Gliding Balancing Act

As a  diabetic, balancing my blood sugar during races is critical for a good performance.  This is a difficult task given the numerous factors that can affect glucose in the blood stream.  For this post I am only going to focus on one such factor. .. terrain.

Through extensive testing I have learned that when I am in an anaerobic state my glucose rises significantly.  When I am in an aerobic state my glucose drops.  The rate that it drops increases with the intenisty of the effort.  I am at peak sugar burning mode at threshold.  Once my heartrate climbs into level 4 and level 5 territory my glucose suddenly begins to rise.

In a normal ski race I am constantly bouncing between a threshold effort and maximal effort.  My heartrate peaks at the top of a hill and slows as I go down the other side.  Thus my glucose levels rise and fall throughout the race until I put in a final anaerobic surge over the last few kilometers of a race.   A normal glucose level for a non-diabetic ranges from 70-140 during a race.  At below 70 a racer would be experiencing a “bonk.”  So it is important that I do not use too much insulin during a race.  However it is just as important that I do not use too little insulin.  My lactate level starts to rise unnaturally when my sugar reaches a level of 240 or more.  The margin for error is small, but thanks to testing on the Center of Excellence treadmill and many races and timetrials I have developed an inuslin dosing strategy that generally gives me a glucose level of 160 at the finish of a 15k race.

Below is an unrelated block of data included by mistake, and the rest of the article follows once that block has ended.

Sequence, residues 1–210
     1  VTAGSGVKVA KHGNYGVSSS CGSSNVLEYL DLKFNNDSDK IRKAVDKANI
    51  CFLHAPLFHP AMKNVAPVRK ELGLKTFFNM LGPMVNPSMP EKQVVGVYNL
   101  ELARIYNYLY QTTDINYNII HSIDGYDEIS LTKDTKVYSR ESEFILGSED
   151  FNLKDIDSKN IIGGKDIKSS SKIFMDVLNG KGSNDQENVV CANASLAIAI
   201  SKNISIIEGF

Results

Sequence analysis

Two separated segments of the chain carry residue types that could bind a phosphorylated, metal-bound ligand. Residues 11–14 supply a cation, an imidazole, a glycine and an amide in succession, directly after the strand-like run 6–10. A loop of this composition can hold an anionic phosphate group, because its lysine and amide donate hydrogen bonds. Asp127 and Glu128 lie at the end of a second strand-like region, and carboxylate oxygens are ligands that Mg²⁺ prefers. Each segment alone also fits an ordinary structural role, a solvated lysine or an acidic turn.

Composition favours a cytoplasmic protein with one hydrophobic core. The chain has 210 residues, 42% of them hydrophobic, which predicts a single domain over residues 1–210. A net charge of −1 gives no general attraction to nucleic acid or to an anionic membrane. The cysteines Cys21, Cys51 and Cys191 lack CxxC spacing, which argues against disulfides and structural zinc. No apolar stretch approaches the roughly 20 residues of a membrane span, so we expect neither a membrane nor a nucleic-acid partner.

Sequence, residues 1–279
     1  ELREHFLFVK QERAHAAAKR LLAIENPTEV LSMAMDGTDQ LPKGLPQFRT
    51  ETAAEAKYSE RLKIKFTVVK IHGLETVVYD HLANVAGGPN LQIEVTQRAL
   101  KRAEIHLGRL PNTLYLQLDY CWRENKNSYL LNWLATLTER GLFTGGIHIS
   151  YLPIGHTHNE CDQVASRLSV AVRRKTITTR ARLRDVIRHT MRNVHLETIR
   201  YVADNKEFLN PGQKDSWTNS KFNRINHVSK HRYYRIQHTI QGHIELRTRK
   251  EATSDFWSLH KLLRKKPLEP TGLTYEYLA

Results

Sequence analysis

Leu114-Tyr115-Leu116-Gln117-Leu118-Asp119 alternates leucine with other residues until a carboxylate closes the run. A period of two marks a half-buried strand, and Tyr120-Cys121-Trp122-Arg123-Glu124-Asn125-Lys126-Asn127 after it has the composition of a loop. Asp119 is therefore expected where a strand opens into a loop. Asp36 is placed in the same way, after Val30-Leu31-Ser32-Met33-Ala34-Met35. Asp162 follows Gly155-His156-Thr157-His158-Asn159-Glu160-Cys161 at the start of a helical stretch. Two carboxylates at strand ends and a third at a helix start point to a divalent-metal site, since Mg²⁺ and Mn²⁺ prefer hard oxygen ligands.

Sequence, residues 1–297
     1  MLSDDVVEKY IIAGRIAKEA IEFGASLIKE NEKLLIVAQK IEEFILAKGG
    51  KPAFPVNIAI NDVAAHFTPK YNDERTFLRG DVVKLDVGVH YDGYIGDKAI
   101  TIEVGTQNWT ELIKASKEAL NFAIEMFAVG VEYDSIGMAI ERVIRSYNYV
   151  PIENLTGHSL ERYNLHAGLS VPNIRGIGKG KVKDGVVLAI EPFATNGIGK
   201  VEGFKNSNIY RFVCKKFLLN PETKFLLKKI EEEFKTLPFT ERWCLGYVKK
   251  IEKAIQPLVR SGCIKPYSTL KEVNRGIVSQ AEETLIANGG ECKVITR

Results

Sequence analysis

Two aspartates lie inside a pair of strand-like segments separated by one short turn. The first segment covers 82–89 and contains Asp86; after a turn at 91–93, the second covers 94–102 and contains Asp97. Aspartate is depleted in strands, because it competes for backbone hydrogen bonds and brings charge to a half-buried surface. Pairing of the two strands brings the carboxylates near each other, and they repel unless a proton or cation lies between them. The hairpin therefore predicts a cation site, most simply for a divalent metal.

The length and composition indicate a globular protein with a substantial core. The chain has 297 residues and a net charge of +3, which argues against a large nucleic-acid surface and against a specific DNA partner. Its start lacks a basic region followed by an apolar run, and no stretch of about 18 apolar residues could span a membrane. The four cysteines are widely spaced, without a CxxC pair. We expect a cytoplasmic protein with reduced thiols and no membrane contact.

There are two types of insulin dosing, basal and bolus.   Insulin is delivered in measurements called units.  A basal insulin is a constant drip that is delivered into my bloodstream 24 hours a day by a mechanical box called an insulin pump.  The pump I use is called an OmniPod.  The bolus insulin is also delivered by the pump and is given at meal times or at any time a significant amount of carb is consumed.  I progam the pump and override the program when need be.  It is not an automated devise.

My basal rate depends on many different factors that I am not going to go into in this article, but for reference lets assume  that I am using my most commom basal dose of .7 units per hour in the days leading up to a ski race.  My pre-race dosing strategybegins 1.5 hours before the start.  At this point I double my normal basal insulin dose to 1.5 units per hour.  Twenty minutes before the start I bring the basal rate up to 5 units per hour.  I keep the basal rate at 5 units per hour until the completion of the race.

Yesterday’s Race to the Castle on Whiteface and other hill-climb timetrials present a different challenge for me.  Because there is no significant terrain variation there is no place to recover.  I am in an anaerobic state for over 50% of the race.  Thus my bloodsugar constantly rises unless I take even more insulin than in a conventional race.  During yesterday’s race my non-racing basal rate was .5 units per hour.  During the race I increased my basal rate to 7 units per hour and I still finished the race witha a relatively high glucose level of 204.  I have not documented any ill affects from racing at this glucose level but there is definately room for improvement in my controlm durin hill climbs.

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